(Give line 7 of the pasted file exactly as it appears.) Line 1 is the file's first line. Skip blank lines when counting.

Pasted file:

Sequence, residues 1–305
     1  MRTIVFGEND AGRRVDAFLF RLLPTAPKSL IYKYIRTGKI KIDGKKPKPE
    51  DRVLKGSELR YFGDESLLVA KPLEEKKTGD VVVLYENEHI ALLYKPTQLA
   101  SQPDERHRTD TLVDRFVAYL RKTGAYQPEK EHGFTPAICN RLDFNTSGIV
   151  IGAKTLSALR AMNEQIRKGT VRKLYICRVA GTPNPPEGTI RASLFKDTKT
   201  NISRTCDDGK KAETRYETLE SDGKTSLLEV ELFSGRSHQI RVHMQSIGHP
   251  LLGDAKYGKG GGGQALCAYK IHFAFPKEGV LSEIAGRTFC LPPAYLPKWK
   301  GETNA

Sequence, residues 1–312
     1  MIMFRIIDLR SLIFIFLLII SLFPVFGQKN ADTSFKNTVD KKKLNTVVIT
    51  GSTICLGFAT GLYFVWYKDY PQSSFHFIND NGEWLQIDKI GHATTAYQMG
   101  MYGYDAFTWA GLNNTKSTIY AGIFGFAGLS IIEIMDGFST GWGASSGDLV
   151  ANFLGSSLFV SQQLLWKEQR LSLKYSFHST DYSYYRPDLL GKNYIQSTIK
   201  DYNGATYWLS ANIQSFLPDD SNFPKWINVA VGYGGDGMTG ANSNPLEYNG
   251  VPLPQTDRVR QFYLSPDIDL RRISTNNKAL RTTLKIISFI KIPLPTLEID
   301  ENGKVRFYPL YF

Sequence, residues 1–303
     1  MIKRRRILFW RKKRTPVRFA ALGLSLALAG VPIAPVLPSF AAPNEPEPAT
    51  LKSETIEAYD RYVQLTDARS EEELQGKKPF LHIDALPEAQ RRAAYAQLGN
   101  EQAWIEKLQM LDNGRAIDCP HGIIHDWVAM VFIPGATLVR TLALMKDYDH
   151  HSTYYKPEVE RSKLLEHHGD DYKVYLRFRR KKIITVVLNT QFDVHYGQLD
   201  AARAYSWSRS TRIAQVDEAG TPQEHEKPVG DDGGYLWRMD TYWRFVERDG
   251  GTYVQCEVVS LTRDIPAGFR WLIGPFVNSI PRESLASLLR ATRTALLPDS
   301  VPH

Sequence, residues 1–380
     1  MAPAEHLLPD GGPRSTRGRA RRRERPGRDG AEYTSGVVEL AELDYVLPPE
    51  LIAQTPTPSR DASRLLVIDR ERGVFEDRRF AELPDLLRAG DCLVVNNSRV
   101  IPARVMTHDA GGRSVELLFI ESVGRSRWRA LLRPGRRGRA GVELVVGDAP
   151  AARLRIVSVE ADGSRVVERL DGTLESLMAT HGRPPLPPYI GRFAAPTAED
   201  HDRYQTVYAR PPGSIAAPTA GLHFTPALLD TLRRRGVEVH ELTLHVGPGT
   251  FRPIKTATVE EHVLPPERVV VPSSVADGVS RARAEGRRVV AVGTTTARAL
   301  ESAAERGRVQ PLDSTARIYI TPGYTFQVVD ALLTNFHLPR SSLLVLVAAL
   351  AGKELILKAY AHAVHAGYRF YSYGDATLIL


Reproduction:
   251  LLGDAKYGKG GGGQALCAYK IHFAFPKEGV LSEIAGRTFC LPPAYLPKWK